automating production equipment using a chromebox and a scheduling server

Have I mentioned before how I love automation? Efficiency at its best.

One of the things I like to automate is the turning on of production equipment on Sunday mornings. It’s nice to walk in for the day and already have equipment turned on and ready to go. It saves me time so I can focus on other things.

In the past, we’ve used crontab on some of the production Macs to send HTTP requests via CURL commands. It worked, but it’s hard to manage when there’s a lot of commands to keep up with. We even tried using GUI interfaces for crontab like Cronnix, but the end result is the same. How do we track and manage all of the commands from a central place?

I came across a tool awhile back called Cronicle. It’s a multi-server task scheduler and runner, with a web based front-end UI. It’s essentially cron but written in Node.js. It can create scheduled and repeating jobs, perfect for ministry activities that tend to repeat.

Cronicle screenshot from their Github repository.

I knew that I wanted to set up a dedicated server to run Cronicle for us. Awhile back, I picked up a used Asus Chromebox CN60 off eBay for $37. I originally bought it hoping to be able to use it with my LiveCaption project, but that didn’t work out. However, the specs on the box are just as good (if not better) than a Raspberry Pi, so I decided to turn it into the server for this project.

Pretty small so it’s not too bad sitting in the rack!

It’s a fairly simple process to remove ChromeOS and install Ubuntu. I won’t detail that here but you can read about it. Installing Cronicle is just as easy if you follow the instructions on the Cronicle Github repo.

Once the server is up and running, it’s time to make some events! I decided to break our scheduled events into some basic categories:

  • Auditorium 1 (events for equipment primarily in Aud 1 related to regular ministry activities like Sunday mornings)
  • Auditorium 2
  • Campus Speakers
  • Automated Video Recording
  • General

For example, I have a scheduled event for every Sunday, at 6am, to turn the Auditorium 1 projectors on. It sends an HTTP request using the built-in Cronicle HTTP Request plugin to my Dashboard Production Control system which contains the code to turn the projectors on/off.

Screenshot of an event

I also have the lights turn on using my midi-relay software. It automatically routes the side screens on our Ross Carbonite switchers to the pre-service slides, turns on the campus speakers, etc.

A really nice feature of Cronicle is the ability to add your own plugins. They can be written in virtually any programming language and receive JSON input from Cronicle, so you can customize parameters and commands that get passed to them.

For some of our needs, I’ve created a few plugins so far which I have made available on my Github repository:

  • Rosstalk – to send commands to Ross Carbonite switchers
  • VICREO Listener File Opener – to open files, scripts, and programs on remote devices (requires the free VICREO Listener program)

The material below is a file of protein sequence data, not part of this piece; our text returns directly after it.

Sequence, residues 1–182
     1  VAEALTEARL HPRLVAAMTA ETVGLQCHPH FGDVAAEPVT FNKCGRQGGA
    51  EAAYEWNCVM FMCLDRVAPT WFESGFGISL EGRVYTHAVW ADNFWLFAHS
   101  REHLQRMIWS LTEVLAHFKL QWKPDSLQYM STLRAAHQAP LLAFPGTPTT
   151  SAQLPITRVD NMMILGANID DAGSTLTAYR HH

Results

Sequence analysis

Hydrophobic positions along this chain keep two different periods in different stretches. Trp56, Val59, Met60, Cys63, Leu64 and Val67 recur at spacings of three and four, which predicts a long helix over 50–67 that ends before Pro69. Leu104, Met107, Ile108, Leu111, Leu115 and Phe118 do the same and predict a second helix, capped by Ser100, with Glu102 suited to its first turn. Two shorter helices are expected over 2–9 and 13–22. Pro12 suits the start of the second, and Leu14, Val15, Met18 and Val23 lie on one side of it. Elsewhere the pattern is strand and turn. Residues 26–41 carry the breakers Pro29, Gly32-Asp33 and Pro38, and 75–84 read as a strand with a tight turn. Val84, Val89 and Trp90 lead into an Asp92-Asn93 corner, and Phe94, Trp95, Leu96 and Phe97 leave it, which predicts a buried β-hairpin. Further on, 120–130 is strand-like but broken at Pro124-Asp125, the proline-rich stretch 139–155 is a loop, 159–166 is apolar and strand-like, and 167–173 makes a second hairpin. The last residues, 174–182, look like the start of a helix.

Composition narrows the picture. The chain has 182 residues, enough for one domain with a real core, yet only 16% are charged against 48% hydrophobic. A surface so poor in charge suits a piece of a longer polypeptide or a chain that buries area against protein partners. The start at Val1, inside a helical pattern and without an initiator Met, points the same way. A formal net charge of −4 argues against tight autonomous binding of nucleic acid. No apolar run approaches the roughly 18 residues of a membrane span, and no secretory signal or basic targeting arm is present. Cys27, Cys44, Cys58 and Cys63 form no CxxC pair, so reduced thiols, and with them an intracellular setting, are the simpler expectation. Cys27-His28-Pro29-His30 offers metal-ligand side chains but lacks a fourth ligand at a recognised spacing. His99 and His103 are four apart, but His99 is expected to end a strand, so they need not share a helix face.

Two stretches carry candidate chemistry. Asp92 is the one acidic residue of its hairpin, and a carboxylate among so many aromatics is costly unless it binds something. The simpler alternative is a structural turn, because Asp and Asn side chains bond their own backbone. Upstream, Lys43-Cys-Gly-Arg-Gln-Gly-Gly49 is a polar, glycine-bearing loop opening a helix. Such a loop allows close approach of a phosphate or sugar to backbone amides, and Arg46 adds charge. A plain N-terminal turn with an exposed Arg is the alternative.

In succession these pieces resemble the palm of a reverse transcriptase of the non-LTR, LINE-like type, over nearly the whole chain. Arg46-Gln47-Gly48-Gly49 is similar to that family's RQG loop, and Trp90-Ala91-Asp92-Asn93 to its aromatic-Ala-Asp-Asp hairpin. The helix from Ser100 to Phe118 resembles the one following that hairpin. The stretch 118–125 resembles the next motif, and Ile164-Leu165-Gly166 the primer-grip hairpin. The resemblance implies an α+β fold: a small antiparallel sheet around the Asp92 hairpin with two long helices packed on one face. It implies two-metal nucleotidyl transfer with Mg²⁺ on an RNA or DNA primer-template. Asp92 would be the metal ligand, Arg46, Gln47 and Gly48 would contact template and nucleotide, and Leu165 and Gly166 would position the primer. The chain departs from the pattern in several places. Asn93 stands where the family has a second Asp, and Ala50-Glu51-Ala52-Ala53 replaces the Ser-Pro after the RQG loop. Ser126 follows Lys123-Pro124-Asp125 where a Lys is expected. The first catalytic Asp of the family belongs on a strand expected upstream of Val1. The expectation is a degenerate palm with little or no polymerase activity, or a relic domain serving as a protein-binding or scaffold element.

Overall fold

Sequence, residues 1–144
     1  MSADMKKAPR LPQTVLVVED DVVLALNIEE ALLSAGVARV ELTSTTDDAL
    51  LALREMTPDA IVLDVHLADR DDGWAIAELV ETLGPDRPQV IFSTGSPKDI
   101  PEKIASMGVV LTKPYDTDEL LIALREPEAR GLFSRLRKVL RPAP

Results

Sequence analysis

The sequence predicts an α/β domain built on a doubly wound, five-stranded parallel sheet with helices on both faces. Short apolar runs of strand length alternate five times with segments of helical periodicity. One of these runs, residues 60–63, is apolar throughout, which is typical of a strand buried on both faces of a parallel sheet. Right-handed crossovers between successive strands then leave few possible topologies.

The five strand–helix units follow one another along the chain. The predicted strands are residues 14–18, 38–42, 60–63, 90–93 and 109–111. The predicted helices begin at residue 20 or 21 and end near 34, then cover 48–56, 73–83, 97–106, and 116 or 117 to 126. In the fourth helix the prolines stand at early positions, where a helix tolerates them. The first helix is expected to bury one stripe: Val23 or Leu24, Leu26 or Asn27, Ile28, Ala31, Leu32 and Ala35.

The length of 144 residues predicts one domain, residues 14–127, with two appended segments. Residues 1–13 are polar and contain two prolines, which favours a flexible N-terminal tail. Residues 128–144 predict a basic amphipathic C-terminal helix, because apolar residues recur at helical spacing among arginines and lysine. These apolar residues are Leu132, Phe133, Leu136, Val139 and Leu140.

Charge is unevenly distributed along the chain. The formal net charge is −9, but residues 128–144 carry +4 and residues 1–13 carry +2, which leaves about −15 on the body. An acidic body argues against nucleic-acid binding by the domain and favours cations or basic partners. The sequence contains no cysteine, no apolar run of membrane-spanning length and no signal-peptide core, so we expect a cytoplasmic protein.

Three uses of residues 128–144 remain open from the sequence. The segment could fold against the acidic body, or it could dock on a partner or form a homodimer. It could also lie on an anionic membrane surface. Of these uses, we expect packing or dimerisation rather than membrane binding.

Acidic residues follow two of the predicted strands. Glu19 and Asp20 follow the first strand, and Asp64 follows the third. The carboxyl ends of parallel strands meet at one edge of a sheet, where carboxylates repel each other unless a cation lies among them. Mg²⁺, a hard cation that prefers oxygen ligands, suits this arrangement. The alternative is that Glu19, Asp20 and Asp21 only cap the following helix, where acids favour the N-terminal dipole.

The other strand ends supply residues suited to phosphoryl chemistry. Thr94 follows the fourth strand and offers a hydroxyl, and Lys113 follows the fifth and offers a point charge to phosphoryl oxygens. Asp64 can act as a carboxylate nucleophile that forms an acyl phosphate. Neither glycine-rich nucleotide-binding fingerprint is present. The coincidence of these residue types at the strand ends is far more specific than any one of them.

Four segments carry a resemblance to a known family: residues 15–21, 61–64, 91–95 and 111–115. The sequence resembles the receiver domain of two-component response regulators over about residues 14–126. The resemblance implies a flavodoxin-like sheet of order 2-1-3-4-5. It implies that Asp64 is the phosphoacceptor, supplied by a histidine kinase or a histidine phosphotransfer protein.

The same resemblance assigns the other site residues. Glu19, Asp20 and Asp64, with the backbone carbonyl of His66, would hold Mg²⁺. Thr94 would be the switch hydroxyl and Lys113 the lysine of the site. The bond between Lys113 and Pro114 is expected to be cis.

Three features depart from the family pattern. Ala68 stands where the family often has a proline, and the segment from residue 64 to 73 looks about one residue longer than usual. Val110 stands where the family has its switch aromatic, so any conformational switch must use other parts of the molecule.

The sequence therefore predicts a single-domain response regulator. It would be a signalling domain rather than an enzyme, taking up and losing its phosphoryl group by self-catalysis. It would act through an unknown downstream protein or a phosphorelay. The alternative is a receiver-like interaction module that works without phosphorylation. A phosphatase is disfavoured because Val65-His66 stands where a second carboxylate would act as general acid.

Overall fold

• VICREO Listener Hotkey – to send hotkey commands to remote devices
  • Videohub – to change routes on Blackmagic Videohub routers

I decided to write all of my plugins in Python because the linux server can run them right out of the box with little modifications needed, especially since they are just using simple TCP protocols to send information.

Some of the events I have created so far.

I’m always forgetting to run the video recording, so I automated that. We have a speaker system throughout the campus that has various amps that need to be turned on, so now we can turn them on with a schedule, and even start Spotify playing at a specific time! (This is done by executing an AppleScript on the computer running Spotify.)

We also have an 8-week event coming up in the fall for a Bible study that is at 6am in Auditorium 2. The tech needs are minimal, but they want lights on, a microphone, video recorded, to project some slides, etc. So, we created events to:

  • Open Vista (VICREO File Opener)
  • Go to a specific light cue on a specific cue list (midi-relay)
  • Turn on the projectors (HTTP request)
  • Turn off the LED wall (HTTP request)
  • Take the PTZ camera to a specific preset position (HTTP request)
  • Turn on a mic (midi-relay to a Raspberry Pi connected to the S6L via MIDI)
  • Route the program audio and video to the Ki Pro recorder (Videohub)
  • Start the Recording

And then later in the morning at specific times, everything will turn off and go back to normal. We will train someone to be on-site in the event of a change in plan, but this will greatly minimize the need to train someone all of the necessary buttons to press to turn everything on in the right order – it will just happen for them automatically based on the time of day!

Here’s a walkthrough video of it in action:

Overall, I’m very glad to have a centralized system in place to manage these scheduled events to automate our systems and am looking forward to making it even better as we continue to use it. If you want to try Cronicle out for yourself, you can read more about it on their website. It’s a free tool so definitely worth checking out. I have made my simple plugins free as well, and you can get them here: https://github.com/josephdadams/CroniclePlugins

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